DURBAN–In a country with some of the highest rates of sexual and gender-based violence in the world, South African media must step up and play a greater role in the fight against gender inequality and gender-based violence. That was the conclusion of a report, “Gender, Diversity and Gender-based Violence in South African TV,” that was [...]

  • SAG-AFTRA HQ

    SAG-AFTRA Leaders Approve Proposal for New Film-TV Contract

    The SAG-AFTRA national board has approved proposals for a successor deal to its master contract covering feature film and primetime television — a key step in the upcoming negotiations cycle with companies. The board approved the package Saturday with the performers union declining to reveal any specifics — its usual policy. The board established the wages [...]

  • Cameron Crowe, David Crosby, A.J. Eaton.

    Cameron Crowe on Why He Loved Leaving David Crosby Doc on a CSNY Question Mark

    David Crosby may or may not have stuck a joint in Cameron Crowe’s mouth the first time he ever met the future filmmaker, when Crosby was peaking with Crosby Stills Nash & Young and his interviewer was a precocious 15-year-old Rolling Stone correspondent. As Crowe said to Jimmy Kimmel the other night, “I remember it [...]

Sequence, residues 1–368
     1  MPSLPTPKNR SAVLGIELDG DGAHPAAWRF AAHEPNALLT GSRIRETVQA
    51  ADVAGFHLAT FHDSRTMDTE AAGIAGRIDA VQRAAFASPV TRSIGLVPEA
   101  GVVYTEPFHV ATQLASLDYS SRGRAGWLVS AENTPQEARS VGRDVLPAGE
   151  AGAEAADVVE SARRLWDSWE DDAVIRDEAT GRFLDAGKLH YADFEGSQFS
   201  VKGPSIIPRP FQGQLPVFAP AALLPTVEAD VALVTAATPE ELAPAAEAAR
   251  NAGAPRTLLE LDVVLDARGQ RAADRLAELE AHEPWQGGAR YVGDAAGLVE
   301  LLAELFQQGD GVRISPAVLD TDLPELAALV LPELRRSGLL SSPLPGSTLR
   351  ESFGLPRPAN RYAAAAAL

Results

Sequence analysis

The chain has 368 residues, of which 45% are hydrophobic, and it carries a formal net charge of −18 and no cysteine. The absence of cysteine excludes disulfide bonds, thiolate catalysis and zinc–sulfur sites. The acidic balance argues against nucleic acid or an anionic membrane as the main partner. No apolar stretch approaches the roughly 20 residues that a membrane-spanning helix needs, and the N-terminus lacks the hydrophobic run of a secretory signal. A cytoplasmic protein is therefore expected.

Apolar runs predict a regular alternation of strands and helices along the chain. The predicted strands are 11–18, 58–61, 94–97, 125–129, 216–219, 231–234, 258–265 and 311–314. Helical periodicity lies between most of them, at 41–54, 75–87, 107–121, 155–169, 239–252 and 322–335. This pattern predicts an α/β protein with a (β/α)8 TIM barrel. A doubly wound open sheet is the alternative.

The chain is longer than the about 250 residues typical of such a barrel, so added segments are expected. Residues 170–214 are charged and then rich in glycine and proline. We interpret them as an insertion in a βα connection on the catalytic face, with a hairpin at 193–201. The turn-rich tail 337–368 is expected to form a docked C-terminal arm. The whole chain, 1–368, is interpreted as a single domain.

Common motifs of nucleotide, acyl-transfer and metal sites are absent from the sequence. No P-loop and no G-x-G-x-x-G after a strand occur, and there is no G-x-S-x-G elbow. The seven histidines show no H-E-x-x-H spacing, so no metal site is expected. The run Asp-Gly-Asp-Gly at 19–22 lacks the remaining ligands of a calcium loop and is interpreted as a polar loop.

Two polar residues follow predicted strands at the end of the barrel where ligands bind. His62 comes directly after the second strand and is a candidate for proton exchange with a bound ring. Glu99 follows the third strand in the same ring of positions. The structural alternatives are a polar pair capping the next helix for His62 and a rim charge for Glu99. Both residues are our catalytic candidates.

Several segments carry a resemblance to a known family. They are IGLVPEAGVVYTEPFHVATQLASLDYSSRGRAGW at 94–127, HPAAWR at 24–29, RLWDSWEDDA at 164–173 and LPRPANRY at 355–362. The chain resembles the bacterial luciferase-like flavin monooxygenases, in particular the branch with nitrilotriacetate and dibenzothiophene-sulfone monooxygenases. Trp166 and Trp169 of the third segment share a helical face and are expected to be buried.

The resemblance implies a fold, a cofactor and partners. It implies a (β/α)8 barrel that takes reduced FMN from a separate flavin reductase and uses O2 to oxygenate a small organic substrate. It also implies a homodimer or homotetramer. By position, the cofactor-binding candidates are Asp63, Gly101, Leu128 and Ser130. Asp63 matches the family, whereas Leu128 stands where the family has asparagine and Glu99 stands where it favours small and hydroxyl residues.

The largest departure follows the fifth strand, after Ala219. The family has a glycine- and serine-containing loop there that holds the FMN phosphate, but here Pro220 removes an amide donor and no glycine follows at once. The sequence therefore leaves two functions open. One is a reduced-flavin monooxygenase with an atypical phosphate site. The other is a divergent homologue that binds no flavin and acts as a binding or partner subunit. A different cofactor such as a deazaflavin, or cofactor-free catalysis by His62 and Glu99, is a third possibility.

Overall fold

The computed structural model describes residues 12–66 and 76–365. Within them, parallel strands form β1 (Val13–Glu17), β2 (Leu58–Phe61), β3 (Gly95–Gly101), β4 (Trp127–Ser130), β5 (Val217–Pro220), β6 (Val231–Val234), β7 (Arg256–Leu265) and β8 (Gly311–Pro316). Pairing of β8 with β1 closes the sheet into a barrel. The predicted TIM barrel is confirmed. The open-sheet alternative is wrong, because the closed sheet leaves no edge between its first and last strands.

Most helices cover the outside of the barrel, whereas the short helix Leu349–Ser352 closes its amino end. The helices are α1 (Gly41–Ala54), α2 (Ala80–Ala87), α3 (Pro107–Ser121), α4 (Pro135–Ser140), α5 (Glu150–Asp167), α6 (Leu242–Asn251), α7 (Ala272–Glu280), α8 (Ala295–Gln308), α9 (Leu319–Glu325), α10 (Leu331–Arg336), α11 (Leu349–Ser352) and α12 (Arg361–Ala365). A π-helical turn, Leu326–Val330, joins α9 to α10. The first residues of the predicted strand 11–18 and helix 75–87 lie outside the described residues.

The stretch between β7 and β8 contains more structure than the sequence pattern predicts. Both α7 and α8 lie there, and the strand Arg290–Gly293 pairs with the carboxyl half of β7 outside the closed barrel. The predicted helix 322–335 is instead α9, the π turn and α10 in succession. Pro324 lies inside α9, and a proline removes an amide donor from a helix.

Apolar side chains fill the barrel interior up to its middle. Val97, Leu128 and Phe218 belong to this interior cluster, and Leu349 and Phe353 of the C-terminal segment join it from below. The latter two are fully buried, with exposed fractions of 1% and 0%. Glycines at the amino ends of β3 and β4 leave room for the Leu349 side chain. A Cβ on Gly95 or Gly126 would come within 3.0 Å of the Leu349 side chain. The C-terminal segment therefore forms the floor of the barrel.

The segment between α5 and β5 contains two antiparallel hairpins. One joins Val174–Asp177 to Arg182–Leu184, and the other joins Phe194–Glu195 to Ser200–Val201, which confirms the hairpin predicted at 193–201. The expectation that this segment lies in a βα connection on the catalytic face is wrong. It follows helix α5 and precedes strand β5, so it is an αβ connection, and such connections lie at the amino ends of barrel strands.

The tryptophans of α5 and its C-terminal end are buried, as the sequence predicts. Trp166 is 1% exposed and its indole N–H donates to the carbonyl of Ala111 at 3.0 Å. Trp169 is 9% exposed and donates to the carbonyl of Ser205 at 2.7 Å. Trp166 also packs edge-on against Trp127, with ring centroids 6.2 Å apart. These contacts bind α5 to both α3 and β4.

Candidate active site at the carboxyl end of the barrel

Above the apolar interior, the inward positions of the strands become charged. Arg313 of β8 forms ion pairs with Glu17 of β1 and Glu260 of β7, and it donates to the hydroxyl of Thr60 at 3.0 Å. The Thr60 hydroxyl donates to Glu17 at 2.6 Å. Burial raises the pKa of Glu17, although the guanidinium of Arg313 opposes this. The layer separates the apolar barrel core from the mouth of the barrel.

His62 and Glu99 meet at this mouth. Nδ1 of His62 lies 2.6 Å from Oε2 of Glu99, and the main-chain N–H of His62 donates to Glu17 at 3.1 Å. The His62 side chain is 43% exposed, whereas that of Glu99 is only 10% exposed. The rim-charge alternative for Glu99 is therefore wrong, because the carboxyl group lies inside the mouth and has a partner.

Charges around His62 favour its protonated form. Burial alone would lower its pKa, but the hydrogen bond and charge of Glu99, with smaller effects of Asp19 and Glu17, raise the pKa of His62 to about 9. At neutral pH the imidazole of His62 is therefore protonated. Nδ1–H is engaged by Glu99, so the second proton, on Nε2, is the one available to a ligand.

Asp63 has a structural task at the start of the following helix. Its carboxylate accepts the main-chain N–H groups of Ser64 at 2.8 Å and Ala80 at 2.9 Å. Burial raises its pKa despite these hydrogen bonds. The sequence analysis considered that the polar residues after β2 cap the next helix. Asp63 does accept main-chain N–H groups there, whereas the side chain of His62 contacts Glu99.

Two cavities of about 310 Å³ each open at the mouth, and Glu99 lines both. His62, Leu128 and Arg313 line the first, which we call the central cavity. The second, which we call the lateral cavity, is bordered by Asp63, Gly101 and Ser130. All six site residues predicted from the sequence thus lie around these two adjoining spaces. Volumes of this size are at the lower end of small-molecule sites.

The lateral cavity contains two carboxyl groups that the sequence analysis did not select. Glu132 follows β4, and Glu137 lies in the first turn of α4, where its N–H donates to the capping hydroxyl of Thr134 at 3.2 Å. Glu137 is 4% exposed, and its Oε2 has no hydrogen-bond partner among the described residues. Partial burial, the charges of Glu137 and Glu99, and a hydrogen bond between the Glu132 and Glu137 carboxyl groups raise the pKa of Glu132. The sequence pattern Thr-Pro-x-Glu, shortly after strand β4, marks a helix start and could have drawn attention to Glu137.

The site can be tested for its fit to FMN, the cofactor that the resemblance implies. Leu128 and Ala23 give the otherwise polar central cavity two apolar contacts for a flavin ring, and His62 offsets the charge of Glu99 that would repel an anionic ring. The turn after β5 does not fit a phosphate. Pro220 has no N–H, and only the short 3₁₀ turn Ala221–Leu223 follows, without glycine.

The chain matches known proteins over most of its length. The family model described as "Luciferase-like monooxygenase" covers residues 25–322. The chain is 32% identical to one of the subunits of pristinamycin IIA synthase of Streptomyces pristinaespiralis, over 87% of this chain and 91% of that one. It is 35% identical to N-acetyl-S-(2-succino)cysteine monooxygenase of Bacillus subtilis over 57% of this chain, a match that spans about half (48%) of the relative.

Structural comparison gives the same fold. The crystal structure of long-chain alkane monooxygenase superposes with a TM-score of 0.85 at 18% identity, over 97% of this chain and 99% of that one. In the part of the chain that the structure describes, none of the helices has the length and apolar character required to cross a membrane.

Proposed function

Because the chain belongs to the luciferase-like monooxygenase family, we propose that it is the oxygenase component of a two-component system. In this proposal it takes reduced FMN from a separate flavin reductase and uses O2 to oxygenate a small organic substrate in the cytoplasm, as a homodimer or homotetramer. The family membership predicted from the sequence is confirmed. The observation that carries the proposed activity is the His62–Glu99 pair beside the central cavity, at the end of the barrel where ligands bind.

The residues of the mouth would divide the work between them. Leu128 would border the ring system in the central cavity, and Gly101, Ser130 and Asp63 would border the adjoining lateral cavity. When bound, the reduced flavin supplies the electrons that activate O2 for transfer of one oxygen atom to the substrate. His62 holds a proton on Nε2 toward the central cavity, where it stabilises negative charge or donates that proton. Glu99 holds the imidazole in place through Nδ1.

• Mokalik

    Nigeria’s Kunle Afolayan: African Audiences Shouldn’t Be ‘Second-Class’

    DURBAN–A young boy from a middle-class home gets an unconventional schooling in the ways of the world when he’s forced to apprentice at a mechanic’s workshop in a rough-and-tumble section of Lagos. “Mokalik” is the latest feature from Kunle Afolayan, a leading figure in the wave of filmmakers revitalizing the Nigerian film industry. The film [...]

  • Alicia Rodis photographed by Alicia Rodis

    SAG-AFTRA Moves to Standardize Guidelines for Intimacy Coordinators

    SAG-AFTRA is moving to standardize guidelines for intimacy coordinators as part of an effort to establish policies for union members when their work involves nudity and simulated sex. “Our goal is to normalize and promote the use of intimacy coordinators within our industry,” said SAG-AFTRA president Gabrielle Carteris. “Intimacy coordinators provide an important safety net for [...]

  • The Lion King

    Box Office: 'The Lion King' Roars Overseas With Mighty $269 Million

    Disney’s “The Lion King” certainly felt the love this weekend, generating $269 million at the international box office. Director Jon Favreau’s remake of the classic Disney cartoon now holds the eighth-biggest debut of all time overseas, and that’s not including the film’s early opening in China last weekend. Combined with a stellar $185 million start [...]

More From Our Brands

Access exclusive content